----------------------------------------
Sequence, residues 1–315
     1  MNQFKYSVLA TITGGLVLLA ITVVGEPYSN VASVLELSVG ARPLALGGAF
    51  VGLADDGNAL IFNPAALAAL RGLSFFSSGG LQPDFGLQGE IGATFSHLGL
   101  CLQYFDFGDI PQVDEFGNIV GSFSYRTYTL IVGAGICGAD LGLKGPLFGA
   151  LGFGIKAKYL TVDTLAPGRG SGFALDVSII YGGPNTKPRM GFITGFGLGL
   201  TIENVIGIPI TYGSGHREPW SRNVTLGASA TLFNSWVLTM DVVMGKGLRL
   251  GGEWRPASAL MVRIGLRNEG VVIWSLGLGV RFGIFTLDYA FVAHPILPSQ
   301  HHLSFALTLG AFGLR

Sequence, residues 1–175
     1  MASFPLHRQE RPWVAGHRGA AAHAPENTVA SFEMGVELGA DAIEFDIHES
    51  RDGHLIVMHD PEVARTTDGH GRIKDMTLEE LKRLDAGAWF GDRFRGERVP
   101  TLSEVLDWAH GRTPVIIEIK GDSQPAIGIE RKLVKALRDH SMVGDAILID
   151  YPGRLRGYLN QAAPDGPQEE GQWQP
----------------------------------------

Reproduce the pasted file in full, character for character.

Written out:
Sequence, residues 1–315
     1  MNQFKYSVLA TITGGLVLLA ITVVGEPYSN VASVLELSVG ARPLALGGAF
    51  VGLADDGNAL IFNPAALAAL RGLSFFSSGG LQPDFGLQGE IGATFSHLGL
   101  CLQYFDFGDI PQVDEFGNIV GSFSYRTYTL IVGAGICGAD LGLKGPLFGA
   151  LGFGIKAKYL TVDTLAPGRG SGFALDVSII YGGPNTKPRM GFITGFGLGL
   201  TIENVIGIPI TYGSGHREPW SRNVTLGASA TLFNSWVLTM DVVMGKGLRL
   251  GGEWRPASAL MVRIGLRNEG VVIWSLGLGV RFGIFTLDYA FVAHPILPSQ
   301  HHLSFALTLG AFGLR

Sequence, residues 1–175
     1  MASFPLHRQE RPWVAGHRGA AAHAPENTVA SFEMGVELGA DAIEFDIHES
    51  RDGHLIVMHD PEVARTTDGH GRIKDMTLEE LKRLDAGAWF GDRFRGERVP
   101  TLSEVLDWAH GRTPVIIEIK GDSQPAIGIE RKLVKALRDH SMVGDAILID
   151  YPGRLRGYLN QAAPDGPQEE GQWQP